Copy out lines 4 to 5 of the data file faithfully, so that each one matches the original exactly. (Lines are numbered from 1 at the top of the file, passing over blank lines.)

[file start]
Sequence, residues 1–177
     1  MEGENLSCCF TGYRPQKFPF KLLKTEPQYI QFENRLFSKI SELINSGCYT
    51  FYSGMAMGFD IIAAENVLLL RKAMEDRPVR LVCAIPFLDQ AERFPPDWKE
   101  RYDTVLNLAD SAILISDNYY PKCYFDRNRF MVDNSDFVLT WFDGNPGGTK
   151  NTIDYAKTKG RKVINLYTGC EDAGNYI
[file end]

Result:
   101  RYDTVLNLAD SAILISDNYY PKCYFDRNRF MVDNSDFVLT WFDGNPGGTK
   151  NTIDYAKTKG RKVINLYTGC EDAGNYI